The first of two Reading-Woking goods arrived at 1716. This train left Reading at 1625 and called at  all stations to Ascot; it left Bracknell at 1900 which meant that 1.75 hours were spent in Bracknell  yard. It ran via the Western Curve at Virginia Water and called at Chertsey & Addlestone, also at  Woking Station for Road Box traffic. (Woking yards lay to the west of the station, and of course still  do.) 

At 1800 the 1547 Waterloo-Bracknell Horse Box train, which had arrived at 1740, returned to  Waterloo which it reached at 2113. It stopped at all stations to Staines, and at Feltham,  Twickenham, Richmond, Barnes & Clapham, but only for very short periods. Somewhat unusually,  there were no special instructions concerning this train.

The up goods was the only non-stop goods working over the line. It left Reading at 1920 and ran non  stop to Nine Elms which it reached at 2105. It passed Bracknell 1t 1946; the time of 26 minutes non stop Reading-Bracknell does not compare too badly with modern electrics (with two stops). The train  ran via Twickenham and had no special instructions. 

Part 4 (Written in July 1982) 

The second working goods arrived at 2032 having left Reading at 2005 and run non-stop. It left at  2118 after the 2015 Reading-Nine Elms Goods had arrived; for nearly half an hour these two trains  were in the yard together and one presumes that all concerned could cope with this situation. The  Woking goods ran, as usual, via the West Curve at Virginia Water and during its hour-long sojourn in  Bracknell yard it probably shunted. It ran non-stop from Bracknell to Chertsey, and would call at  Addlestone if required to detach wagons containing Pottery traffic.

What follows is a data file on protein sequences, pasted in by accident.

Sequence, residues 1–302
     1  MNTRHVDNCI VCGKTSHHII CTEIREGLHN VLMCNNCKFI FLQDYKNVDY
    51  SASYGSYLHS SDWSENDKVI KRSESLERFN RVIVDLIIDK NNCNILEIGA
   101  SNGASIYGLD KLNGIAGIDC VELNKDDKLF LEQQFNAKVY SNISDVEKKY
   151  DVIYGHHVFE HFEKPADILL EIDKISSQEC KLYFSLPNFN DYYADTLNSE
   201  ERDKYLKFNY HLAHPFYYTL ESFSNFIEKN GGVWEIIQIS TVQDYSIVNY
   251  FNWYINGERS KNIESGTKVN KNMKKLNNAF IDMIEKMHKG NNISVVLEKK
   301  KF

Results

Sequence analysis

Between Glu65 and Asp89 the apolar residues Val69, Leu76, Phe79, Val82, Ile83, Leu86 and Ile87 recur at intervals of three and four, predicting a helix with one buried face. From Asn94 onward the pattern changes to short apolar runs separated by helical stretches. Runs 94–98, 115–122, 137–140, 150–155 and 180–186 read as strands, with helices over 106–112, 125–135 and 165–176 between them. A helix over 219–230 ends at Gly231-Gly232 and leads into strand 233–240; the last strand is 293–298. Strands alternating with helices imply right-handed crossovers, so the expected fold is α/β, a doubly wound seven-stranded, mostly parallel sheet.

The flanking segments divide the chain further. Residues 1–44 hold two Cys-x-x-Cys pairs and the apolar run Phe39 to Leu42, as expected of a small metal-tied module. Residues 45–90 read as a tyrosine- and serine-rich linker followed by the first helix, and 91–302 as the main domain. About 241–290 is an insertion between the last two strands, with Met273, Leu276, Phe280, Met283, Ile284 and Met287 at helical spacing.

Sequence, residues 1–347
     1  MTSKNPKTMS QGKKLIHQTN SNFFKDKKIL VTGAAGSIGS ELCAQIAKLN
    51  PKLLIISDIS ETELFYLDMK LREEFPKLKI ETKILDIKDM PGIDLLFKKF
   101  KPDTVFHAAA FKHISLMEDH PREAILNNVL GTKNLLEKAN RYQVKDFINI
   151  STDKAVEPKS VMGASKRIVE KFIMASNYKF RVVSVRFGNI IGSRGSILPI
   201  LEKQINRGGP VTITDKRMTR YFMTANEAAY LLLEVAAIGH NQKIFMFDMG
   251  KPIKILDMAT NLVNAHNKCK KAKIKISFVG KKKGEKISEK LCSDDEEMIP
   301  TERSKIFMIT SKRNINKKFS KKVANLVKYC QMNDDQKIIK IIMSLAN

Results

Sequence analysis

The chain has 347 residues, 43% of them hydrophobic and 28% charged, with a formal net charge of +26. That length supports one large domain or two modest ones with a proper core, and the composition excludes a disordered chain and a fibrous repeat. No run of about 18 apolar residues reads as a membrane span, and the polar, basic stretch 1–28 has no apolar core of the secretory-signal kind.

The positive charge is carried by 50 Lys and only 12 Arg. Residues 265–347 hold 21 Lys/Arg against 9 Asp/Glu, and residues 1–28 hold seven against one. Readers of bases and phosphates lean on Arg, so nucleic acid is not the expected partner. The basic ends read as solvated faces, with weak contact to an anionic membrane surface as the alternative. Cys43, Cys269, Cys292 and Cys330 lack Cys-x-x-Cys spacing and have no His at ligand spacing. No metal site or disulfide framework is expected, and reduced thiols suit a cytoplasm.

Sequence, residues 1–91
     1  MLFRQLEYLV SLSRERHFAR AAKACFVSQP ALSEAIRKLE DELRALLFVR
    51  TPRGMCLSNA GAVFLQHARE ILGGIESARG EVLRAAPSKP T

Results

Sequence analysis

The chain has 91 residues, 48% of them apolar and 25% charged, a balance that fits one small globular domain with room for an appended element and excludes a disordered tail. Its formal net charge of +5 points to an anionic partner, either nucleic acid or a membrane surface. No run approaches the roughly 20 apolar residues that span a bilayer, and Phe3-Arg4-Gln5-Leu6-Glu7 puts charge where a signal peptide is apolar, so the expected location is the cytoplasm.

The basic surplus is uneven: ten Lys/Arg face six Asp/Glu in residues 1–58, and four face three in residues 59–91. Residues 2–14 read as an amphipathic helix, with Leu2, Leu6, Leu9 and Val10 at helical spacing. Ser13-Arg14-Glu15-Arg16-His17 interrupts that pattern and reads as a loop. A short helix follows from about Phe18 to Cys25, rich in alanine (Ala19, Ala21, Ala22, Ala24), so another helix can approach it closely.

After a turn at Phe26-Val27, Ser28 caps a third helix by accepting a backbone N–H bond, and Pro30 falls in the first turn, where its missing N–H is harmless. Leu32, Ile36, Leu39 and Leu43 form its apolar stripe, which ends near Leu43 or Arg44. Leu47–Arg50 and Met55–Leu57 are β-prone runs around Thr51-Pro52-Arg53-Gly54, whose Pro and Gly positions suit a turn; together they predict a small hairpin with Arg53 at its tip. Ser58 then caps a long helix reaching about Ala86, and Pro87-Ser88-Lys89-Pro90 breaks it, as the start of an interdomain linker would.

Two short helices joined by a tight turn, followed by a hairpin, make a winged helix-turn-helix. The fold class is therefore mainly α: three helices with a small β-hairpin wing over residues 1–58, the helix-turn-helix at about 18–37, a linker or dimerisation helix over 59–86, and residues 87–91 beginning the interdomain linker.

The last Up goods was the 2015 Reading-Nine Elms which arrived while the Woking goods was still in  the yard, at 2054. It stayed until 2230, shunting, and finally reached Nine Elms at 0125 the following  morning, after calling at various stations en route for short periods. It stopped at Earley when  required to take on wagons or Road Box traffic, and at Barnes and Putney when required to put out  biscuit traffic (no prizes for guessing where this came from). 

A light engine ran from reading to Ascot at 2230, passing Bracknell at 2250 and reaching Ascot six  minutes later. This did not run on Wednesdays and conveyed a guard. The engine was shedded at  Ascot, and was possibly used for shunting at Reading. 


There were no goods services over the Reading line, and about seven passenger trains ran each way.  There was a return working which left Wimbledon at 0955 to run to Reading via Chertsey, and back  by this route to reach Waterloo in the evening; the only scheduled passenger services to use the  Virginia Water West Curve. Some of the passenger workings were Ascot-Reading locals. 


It is likely that passenger services in 1909 were in the hands of “415” class 4-4-2 tanks and “T1” class  0-4-4 tanks, both Adams designs. The new Drummond “M7” 0-4-4 tanks were probably beginning to  appear by now.  

L&SW goods services were never heavy and the Company had relatively few 0-6-0s. It is likely that  goods trains to Reading were worked by Adams “Jubilee” class 0-4-2 and Drummond “K10” and  “L11” 4-4-0s, with Adams “395” class 0-6-0 goods engines on some workings. The new Drummond  “700” class 0-6-0s were also available but were much used on troop and similar heavy passenger  workings at this time. Ascot shed probably housed tank engines, “415” or “T1”s, which handled local  goods workings. There was a 49ft 9in turntable in the yard at Ascot, long enough to turn 4-4-0s and  0-6-0s, but ther eis no evidence in the wtt that engines terminating at Bracknell went there to be  turned. Possibly they ran tender-first as far as Ascot on the Up journey.

This was published as a series of articles, by Mick Hutson, in the Bracknell Railway Society newsletter.